Living the Dream – Running a Comprehensive Cancer Centre: Alexander Eggermont

As Director General of Europe’s premier comprehensive cancer centre, Alexander Eggermont knows a thing or two about focus and determination. Here he describes what it means to get your ideal job, what that job entails and how loving your career could be the key to a happy marriage.

  • Date: 06 Feb 2017

This article appeared in the first edition of our new digital magazine, ESMO Perspectives. You can get the entire edition by just clicking on the button below:

Download the first edition of ESMO Perspectives

Eggermont

What does your role as Director General involve?
I am responsible for everything that happens in the institute! Luckily for me, I have the support of a great team – including the Deputy Director and Directors of Research and Clinical Research and Medical Affairs – who provide direct operational guidance to the different departments with an incredibly talented medical staff. This means that I can concentrate on my main role, which is to define and develop the institute’s strategic direction and find the money to enable us to do it. Part of this involves forming closer links with the University Paris-Sud / Paris-Saclay, the research organisations INSERM and the Centre National de la Recherche Scientifique (CNRS) and with the private world of pharma, biotech, high-tech and other non-academic organisations in order to integrate research programmes. Of key importance is the academic internationalisation of the institute and the creation of the Alliance Cancer Core Europe with DKFZ-NCT in Germany, the Cambridge Cancer Centre in the UK, NKI in The Netherlands, Karolinska Institutet in Sweden and VHIO in Spain. Together we form a virtual Cancer Institute with a one portal system. Gustave Roussy is also valorising its know how by creating satellite institutes, under Gustave Roussy’s operational direction, in a number of countries—currently Kuwait and Kazakhstan—to help build infrastructure and train the many talented young specialists who desperately need to acquire new techniques to provide effective care.

You describe your position as living the dream. Can you explain why?
From the outset, I knew I wanted to be a surgeon, but a surgeon who also took part in clinical practice and did a lot of basic research. Researching for a PhD in tumour immunology in Steve Rosenberg’s laboratory at the US National Cancer Institute really focused my ambitions and by the time I left there I knew I wanted to set up my own laboratory for oncology research at the Erasmus University Medical Center (Erasmus MC) in Rotterdam, The Netherlands. A small laboratory became a large laboratory and I collaborated widely on a variety of research topics. Once established, I became involved in international collaborative trial development, spending many years at the EORTC, eventually becoming President, before going on to take up the Presidency of ECCO. Over the years, I worked on many interactive projects with Gustave Roussy and always thought of it as a fantastic institute. Then six years ago, I got my dream job of Director General. To me, the position represents the convergence of the broad wealth of experience I have gained up to this point, experience that is invaluable for someone in charge of developing strategy for an institute at the heart of oncology innovation in Europe.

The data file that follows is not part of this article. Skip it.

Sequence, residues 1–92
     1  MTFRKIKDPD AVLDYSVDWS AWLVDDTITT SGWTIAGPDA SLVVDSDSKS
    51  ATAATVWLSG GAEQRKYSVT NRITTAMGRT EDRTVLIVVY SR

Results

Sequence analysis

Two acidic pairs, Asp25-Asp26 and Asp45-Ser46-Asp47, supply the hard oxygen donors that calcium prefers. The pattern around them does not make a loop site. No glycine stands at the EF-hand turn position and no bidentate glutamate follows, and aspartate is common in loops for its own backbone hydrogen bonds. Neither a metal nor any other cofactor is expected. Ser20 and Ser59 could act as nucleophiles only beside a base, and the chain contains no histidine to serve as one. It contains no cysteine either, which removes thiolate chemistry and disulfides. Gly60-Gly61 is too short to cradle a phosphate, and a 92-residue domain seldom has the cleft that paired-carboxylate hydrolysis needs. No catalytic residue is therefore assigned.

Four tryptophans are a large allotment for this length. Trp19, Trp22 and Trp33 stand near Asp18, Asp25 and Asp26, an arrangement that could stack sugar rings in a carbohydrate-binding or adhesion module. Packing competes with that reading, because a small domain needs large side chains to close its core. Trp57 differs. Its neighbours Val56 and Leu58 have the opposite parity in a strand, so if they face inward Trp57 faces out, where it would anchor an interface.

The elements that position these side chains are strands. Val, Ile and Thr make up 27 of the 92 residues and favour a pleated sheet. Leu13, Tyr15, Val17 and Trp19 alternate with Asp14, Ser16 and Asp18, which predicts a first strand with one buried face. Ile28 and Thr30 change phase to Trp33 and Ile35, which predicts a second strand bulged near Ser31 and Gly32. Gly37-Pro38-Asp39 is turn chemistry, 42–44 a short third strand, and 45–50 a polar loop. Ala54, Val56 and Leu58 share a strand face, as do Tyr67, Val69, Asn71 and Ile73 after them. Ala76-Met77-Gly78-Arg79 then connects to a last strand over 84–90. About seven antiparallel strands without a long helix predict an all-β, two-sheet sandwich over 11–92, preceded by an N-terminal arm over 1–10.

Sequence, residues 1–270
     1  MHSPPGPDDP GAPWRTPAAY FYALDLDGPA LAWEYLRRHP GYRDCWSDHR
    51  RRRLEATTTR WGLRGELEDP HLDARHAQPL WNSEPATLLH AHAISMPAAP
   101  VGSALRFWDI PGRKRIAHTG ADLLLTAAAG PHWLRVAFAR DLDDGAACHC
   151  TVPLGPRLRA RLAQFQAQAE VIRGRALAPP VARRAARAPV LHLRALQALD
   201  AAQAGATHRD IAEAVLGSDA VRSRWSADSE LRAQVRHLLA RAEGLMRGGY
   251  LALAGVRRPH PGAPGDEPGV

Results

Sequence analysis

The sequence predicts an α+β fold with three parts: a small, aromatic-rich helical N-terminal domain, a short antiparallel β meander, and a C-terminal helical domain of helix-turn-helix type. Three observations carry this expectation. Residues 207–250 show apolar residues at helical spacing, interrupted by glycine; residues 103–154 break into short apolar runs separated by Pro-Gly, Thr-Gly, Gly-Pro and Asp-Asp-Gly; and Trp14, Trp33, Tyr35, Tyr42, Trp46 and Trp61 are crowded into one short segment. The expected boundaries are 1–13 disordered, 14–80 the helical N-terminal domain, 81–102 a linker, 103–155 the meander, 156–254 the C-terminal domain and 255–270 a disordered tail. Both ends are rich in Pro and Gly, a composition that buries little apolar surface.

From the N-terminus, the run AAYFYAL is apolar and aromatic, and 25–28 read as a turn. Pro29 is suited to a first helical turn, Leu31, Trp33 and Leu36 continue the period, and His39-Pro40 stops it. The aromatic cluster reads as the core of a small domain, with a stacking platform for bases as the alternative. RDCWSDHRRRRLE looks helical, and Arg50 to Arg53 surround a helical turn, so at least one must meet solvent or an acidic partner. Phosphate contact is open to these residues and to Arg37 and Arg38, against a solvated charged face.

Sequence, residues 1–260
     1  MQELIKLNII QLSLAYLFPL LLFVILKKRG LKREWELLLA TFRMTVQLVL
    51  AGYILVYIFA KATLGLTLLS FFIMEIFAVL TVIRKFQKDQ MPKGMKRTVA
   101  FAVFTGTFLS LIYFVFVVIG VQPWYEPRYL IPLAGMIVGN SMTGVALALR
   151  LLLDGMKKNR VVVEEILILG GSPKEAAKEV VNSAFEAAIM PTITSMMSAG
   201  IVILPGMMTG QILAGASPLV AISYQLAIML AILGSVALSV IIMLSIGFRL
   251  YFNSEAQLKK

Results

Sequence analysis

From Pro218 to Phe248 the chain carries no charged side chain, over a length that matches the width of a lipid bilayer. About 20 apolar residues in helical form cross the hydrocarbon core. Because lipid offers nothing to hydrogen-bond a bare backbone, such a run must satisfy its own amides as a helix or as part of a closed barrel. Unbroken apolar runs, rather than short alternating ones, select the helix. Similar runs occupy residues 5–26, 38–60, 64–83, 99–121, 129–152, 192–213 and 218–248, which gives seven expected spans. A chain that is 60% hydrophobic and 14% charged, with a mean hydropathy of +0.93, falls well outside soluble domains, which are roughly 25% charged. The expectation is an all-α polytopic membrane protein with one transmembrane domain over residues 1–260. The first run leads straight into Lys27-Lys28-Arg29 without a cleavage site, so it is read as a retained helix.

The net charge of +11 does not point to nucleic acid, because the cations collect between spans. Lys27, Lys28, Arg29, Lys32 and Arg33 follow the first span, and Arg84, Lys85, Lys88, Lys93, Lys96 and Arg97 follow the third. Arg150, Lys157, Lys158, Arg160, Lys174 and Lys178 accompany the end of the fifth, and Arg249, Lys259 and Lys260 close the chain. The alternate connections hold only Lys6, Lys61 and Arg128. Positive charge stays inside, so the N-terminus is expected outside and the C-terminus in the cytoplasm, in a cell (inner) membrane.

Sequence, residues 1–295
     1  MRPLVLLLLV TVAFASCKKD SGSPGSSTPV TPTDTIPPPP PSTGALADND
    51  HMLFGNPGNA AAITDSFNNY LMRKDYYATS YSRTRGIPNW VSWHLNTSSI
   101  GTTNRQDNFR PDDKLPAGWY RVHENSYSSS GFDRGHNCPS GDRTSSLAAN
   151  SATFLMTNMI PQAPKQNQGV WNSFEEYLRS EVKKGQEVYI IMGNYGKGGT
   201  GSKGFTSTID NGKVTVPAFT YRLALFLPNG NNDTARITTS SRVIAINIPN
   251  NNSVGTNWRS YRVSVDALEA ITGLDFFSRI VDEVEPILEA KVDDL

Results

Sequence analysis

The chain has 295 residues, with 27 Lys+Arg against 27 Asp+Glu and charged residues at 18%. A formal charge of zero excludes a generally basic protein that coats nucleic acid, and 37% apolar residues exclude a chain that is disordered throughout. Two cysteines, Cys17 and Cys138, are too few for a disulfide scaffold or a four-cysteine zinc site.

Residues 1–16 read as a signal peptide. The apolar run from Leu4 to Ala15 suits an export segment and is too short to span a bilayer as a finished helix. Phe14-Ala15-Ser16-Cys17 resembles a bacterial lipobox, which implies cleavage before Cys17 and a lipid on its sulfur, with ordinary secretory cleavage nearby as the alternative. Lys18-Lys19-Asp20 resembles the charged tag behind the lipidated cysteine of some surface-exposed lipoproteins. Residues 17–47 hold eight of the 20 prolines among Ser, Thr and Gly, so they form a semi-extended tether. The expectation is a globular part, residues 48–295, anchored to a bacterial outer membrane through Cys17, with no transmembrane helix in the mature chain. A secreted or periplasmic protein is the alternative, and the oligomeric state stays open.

Did you get where you are through a series of carefully planned steps or were there any strokes of luck?
In the end, nobody fares well without luck but equally you cannot waiver in your determination to know exactly where you’re going and what it takes to stick it out. So, when I was setting up my laboratory, I realise I was lucky enough to win some good grants. But then, they were well written! However, where I was definitely lucky was in being given freedom by Erasmus MC to follow the research I wanted to and at my own pace. I think this is essential to innovation, but something that many institutes are unwilling, or unable, to provide.

Has your current position taken over your life or are you still able to have a personal life?
When you decide to be a both a clinician and a researcher your work is never finished. If you can’t live with this idea, it’s not the path for you. In terms of my personal life, I am so lucky in my marriage because my wife has given me all the freedom I need to fully pursue my career. We both love our careers (my wife is a brilliant endocrinologist) and we are fascinated by innovation, so we never run out of things to talk about!

What do you think is the most enjoyable or rewarding aspect of your job?
At Gustave Roussy we have 3,500 employees all aligned around one theme; fighting cancer. Compared with large university medical centres, the institute provides a very special, socially cohesive culture and its smaller size facilitates communication and provides the ideal arena for the research continuum. I also love working with such talented young people, many of whom are opinion leaders, despite being under the age of 45. Given my background, I am particularly excited by the creation of ten physician-researcher posts, in which top research talents will be given the chance to lead a double life in clinical–basic research and to establish their own research programme. I believe that those succeeding will be phenomenally productive and will be a huge asset to the institute.

Enjoyed the article and would like to read more?

You can get the entire edition by just clicking on the button below:

Download the first edition of ESMO Perspectives